An adviser has moved clients away from Legal & General after facing issues connected with the provider's move to offering digital customer services.
Darren Cooke, director of Red Circle Financial Planning, said he moved two clients away from the provider after he felt the service had "deteriorated".
The clients held property in self-invested personal pensions (Sipps) and were switched to a specialist Sipp provider in November 2017.
According to Mr Cooke, it took L&G more than a year to transfer the two clients at a cost of about £5,000 in fees.
Mr Cooke said during that time L&G was "virtually uncontactable" and described the service as "ridiculous".
He said: "The service from L&G deteriorated and it took way too long to get any communication back from them.
"The service was utterly terrible and I transferred the two clients away to another provider who could offer a better rate and, quite frankly, at least some certainty."
Mr Cooke said he will not be bringing any clients to L&G in the future, bar perhaps an "occasional workplace pension" if the fees warrant it.
In response to Mr Cooke, a spokesman for L&G said: "We are very sorry to receive Mr Cooke’s feedback regarding service prior to and during the transfer.
"Whilst the contract with Legal & General was a Sipp, the transfer was made to a Ssas and we assume that this was due to a product related requirement linked to the transfer.
"Our records show that from April 2017 to completion in October 2017 our solicitors were chasing Andre Perkins, the Ssas providers' solicitors, to complete the transfer as quickly as possible."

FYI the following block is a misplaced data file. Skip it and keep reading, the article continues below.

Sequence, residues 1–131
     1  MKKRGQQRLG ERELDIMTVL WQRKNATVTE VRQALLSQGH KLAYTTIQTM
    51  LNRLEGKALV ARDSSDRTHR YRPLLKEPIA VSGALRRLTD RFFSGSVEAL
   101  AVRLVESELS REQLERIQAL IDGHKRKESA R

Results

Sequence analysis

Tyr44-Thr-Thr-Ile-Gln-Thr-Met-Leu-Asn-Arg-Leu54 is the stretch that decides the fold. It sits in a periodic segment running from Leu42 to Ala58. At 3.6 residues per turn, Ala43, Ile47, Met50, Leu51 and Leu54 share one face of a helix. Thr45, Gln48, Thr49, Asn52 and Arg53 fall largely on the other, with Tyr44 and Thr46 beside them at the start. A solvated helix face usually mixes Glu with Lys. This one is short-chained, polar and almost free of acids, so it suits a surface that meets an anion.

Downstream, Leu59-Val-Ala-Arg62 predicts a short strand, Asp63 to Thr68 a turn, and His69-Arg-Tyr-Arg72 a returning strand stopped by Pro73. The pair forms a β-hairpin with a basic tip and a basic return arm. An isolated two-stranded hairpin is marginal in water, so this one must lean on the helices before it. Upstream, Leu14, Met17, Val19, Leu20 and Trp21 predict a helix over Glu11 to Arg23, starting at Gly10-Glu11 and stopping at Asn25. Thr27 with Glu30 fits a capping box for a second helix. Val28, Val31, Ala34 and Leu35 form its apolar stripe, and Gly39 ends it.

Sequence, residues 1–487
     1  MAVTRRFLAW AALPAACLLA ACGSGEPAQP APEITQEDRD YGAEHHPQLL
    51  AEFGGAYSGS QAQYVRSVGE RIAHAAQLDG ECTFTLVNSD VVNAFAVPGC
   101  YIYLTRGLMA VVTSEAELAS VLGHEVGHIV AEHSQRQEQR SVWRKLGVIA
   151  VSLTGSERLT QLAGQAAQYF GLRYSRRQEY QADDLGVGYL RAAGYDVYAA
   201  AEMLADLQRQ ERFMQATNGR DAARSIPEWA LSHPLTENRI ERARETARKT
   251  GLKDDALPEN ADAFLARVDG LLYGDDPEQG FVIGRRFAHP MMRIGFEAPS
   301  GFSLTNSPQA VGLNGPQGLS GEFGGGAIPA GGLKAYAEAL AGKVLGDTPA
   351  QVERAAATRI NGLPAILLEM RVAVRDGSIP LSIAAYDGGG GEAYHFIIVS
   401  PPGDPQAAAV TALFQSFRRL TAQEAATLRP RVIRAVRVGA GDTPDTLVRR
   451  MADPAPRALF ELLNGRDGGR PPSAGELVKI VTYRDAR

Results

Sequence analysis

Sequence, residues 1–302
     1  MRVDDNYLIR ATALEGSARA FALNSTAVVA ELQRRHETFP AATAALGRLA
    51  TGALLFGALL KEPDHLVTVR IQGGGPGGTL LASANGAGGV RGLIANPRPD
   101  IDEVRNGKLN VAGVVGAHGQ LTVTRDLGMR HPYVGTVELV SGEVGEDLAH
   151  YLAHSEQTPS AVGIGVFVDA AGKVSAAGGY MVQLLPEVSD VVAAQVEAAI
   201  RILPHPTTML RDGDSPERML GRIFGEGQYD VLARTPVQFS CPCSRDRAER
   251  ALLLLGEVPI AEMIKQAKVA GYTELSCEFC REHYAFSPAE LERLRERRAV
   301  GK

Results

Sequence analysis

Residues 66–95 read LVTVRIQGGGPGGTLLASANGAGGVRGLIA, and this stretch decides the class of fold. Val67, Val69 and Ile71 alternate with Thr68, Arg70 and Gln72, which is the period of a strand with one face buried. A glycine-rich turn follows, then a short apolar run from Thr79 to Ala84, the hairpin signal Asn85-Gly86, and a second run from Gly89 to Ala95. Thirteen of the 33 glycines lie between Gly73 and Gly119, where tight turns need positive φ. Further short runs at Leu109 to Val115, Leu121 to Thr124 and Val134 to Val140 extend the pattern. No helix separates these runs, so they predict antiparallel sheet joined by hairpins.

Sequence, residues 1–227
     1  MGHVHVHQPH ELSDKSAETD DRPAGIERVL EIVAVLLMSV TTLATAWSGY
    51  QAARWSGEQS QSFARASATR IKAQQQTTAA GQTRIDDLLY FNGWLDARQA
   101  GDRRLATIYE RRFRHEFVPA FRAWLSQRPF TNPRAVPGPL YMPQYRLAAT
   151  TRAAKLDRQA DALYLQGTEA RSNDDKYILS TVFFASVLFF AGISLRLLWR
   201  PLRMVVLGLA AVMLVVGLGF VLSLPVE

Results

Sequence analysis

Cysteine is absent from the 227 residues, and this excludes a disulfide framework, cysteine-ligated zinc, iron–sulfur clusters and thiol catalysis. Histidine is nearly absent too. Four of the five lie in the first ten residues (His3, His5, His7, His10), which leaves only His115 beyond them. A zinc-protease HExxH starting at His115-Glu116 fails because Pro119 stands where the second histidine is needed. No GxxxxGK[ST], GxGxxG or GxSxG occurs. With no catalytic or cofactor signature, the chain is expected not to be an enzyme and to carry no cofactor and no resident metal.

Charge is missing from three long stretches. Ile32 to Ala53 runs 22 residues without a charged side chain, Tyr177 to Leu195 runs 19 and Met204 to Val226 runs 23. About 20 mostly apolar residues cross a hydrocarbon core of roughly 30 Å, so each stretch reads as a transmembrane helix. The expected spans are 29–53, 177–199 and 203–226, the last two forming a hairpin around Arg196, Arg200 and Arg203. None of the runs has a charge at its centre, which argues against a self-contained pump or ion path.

The spokesman for L&G added the final fee from solicitors Trethowans was £2,046, plus its own administration fee of £564. "Both are in line with our published fee schedule.
If the costs from Andre Perkins and the Ssas provider are similar this would equate to the £5,000 quoted, the spokesman said.
Other financial advisers also told FTAdviser Legal and General's (L&G) shift towards offering mainly digital services, which entailed stopping taking phone calls and corresponding through online platforms instead, had created more work for them, leading some to pass on the cost to their clients.
But L&G is not alone. Other providers have put in place similar strategies and advisers have previously said they are losing money as a result of worsening customer service standards at providers across the board.
In particular, not being able to have direct access to providers is leaving advisers unable to get hold of the client information they need, meaning managing their clients' finances is taking longer and costing more, they say.
Ivor Harper, director at Park Financial, said he is considering increasing his advice fees due to the time it takes him to deal with client finances.